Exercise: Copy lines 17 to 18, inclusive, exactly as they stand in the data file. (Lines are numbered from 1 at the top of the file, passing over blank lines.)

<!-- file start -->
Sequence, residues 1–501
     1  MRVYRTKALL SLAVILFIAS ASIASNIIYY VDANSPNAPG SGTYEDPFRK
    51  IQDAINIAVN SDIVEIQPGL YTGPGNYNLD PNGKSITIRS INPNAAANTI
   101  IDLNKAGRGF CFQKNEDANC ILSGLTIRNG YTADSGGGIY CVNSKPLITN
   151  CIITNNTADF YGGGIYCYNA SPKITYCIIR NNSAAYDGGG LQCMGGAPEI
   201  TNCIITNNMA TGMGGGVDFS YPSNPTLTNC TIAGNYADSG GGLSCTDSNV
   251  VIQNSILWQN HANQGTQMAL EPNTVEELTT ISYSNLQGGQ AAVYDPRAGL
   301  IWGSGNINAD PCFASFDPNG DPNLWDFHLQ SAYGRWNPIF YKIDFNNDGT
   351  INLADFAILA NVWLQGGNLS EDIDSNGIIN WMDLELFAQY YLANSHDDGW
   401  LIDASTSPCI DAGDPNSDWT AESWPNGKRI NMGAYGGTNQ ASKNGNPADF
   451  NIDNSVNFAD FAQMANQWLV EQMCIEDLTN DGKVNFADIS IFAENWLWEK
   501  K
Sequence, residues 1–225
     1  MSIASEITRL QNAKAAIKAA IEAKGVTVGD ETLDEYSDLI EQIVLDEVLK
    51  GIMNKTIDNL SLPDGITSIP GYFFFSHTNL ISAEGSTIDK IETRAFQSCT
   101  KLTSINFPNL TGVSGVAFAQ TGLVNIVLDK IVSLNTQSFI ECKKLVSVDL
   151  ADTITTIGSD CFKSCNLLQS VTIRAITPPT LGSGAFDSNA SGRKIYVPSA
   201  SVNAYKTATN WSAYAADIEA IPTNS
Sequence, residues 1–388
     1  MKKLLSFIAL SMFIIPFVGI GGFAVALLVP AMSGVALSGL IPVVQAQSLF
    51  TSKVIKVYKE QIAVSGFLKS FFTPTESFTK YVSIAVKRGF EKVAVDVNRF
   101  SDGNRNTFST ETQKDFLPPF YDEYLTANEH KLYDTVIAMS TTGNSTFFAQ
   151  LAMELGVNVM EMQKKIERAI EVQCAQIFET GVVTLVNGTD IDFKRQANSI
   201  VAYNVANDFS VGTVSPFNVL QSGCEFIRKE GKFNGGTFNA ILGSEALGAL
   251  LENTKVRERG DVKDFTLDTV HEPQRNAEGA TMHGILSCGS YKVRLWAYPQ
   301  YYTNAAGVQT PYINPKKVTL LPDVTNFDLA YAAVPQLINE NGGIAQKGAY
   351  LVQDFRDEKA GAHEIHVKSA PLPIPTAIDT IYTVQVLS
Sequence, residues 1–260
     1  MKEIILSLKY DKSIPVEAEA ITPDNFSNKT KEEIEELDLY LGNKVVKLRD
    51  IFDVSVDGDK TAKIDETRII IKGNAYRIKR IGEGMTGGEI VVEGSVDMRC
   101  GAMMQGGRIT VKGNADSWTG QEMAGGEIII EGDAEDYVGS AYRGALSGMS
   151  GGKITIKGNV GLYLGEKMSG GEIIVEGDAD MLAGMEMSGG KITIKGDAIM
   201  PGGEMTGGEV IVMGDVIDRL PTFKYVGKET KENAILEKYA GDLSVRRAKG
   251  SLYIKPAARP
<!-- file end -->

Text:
   151  ADTITTIGSD CFKSCNLLQS VTIRAITPPT LGSGAFDSNA SGRKIYVPSA
   201  SVNAYKTATN WSAYAADIEA IPTNS